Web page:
Wednesday, 16 July 2014

Programming as Distribution - What goes into Putting on a Screening

This is the outcome of a number of discussions leading up to a screening event organised Summer School Participants working with Cinenova. Below is a text written to introduce the screening event:

Firstly we would like to thank Irene, Charlotte and Louise, the members of the Cinenova working group with whom we worked, for their time and access to the archive. For those who might not know, Cinenova is a non-profit organization dedicated to distributing films and videos made by women.

Two weeks ago, at the beginning of the Summer School, we were invited to spend the afternoon with the Cinenova archive and the working group; we spent two days in total watching films, and a morning finalizing the program.

As a group of 15, negotiating between us and committing to a selection was a challenging task; it was difficult accommodating varying expectations and tastes, as well as working through such a vast and varied archive.

Our selection tries to reflect the variety within the archive and the diversity of the group.

From this starting point, the films we chose are different solutions to the representation of community. Home and Dry is a short film made by the Leeds Animation Workshop in 1987 that addresses different housing experience and social exclusion. Veronica 4 Rose is a film made for television, commissioned by Channel 4 in the early 80s and made with young lesbians aged between 16 and 23 from Newcastle, Liverpool and London. And B-Sides made by Abigail Child in 1996 is an experimental film about the Lower East Side.  

Whilst selecting the films certain questions arose: Does there need to be a parity between the scale of the problem and the scale of the solution; what form does it take, what does it actually look like. We have picked three kinds of films that take on different kinds of forms and hope to represent a community’s struggles and efforts: the boundaries, both physical and societal, that these communities face.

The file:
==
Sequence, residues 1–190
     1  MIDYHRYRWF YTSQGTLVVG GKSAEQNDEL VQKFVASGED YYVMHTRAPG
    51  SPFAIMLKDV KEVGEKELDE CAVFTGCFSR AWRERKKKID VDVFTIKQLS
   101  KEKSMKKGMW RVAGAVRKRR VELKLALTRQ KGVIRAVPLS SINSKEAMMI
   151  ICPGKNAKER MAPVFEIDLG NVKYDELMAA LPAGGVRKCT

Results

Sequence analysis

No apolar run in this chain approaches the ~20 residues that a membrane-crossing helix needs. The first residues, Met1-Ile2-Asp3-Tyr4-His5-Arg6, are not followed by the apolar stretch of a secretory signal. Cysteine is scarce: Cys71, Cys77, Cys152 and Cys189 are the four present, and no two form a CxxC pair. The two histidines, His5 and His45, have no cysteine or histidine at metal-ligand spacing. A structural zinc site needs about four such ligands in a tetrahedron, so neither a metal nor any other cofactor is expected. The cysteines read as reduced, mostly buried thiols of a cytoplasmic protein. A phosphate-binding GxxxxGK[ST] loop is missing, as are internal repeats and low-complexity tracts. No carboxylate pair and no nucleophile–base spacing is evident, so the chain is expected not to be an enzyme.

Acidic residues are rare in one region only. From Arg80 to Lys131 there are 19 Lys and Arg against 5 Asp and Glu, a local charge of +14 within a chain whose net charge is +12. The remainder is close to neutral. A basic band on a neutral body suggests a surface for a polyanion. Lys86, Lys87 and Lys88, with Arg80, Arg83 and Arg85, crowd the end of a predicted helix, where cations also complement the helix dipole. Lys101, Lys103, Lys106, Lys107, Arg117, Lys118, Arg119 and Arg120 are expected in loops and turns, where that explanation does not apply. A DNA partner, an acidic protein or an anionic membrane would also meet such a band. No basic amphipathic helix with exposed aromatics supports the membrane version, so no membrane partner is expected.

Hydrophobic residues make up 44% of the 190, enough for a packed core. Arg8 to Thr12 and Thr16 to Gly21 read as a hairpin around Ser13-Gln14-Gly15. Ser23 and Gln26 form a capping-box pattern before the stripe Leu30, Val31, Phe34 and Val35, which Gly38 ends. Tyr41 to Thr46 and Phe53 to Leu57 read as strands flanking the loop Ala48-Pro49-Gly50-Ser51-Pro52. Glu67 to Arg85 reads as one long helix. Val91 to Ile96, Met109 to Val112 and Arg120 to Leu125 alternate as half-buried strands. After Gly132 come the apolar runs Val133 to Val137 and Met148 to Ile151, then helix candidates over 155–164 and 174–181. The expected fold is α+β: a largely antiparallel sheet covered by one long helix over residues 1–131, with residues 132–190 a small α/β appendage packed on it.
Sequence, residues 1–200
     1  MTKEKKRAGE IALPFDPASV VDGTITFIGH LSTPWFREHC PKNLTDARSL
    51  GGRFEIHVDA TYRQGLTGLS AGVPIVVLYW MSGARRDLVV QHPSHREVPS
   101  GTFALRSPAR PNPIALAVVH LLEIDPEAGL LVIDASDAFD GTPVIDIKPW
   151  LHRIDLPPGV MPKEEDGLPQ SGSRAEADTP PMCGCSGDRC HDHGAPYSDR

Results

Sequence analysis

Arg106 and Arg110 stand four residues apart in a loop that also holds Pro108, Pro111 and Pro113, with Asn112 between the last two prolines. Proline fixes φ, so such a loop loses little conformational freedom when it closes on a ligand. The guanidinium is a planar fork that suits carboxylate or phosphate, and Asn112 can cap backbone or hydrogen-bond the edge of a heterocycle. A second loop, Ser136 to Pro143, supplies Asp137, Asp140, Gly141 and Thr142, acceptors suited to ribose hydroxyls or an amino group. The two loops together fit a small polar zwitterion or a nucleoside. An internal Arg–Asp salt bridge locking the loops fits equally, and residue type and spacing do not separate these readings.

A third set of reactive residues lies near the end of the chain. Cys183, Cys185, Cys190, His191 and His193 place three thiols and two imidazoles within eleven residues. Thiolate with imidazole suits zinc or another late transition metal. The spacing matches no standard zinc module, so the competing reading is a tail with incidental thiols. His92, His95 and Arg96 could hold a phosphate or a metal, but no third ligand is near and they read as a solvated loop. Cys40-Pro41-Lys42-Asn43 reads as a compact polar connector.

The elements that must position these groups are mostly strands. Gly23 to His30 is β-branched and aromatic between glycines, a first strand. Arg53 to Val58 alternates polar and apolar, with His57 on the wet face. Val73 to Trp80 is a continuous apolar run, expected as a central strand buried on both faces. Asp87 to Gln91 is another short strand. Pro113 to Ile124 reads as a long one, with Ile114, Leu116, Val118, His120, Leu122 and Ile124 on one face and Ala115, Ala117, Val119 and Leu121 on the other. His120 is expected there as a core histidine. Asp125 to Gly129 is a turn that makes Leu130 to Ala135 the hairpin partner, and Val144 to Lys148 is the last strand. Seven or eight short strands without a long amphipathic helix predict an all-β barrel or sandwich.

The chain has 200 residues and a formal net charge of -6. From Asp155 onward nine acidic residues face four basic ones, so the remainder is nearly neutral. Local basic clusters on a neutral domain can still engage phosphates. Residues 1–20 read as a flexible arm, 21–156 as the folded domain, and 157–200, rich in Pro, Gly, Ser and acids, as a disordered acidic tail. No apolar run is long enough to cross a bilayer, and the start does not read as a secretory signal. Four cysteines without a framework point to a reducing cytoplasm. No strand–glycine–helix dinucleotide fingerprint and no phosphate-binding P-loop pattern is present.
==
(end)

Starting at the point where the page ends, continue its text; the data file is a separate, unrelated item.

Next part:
How do you represent political urgency? All of these films are to some extent historical reflections on issues that still exist today.

Finally, we wanted to address some of the themes of the summer school.

Below is a list of the films we ended up screening:

Leeds Animation Workshop
8 mins colour 1987 UK

Four women fall into conversation in a launderette. As the machines whirl and the powder flows, they talk about their housing experiences, hopes and expectations. None of them would describe themselves as homeless - after all they've never slept out on the street. However, as they listen to each other's stories they begin to understand that homelessness is indeed something they've all experienced.

Home and Dry? analyses the inadequacies of housing policies and examines the political thinking that lie behind them. It reveals how women's housing needs and requirements must be given priority as a vital and neglected component of today's housing crisis.

Melanie Chait
48 mins colour 1983 UK

Made with young lesbians aged between 16 and 23 from Newcastle, Liverpool and London, this warm and engaging film explores the ups and down of being lesbian in a predominately heterosexual and homophobic society geared to wedding bells and boys.

The young women interviewed speak openly about their experiences of coming out to friends and parents and how in many cases they were told it was only a 'phase' they would grow out of. "If you can go out with boys at 14 and that's OK, why can't you go out with someone of your own sex without it being a crush?" asks one of the young women.

Abigail Child US 1996 36min

An experiment in entering imaginatively the delirium of the Lower East Side, a poignant and beautiful vision of late twentieth century urban life.

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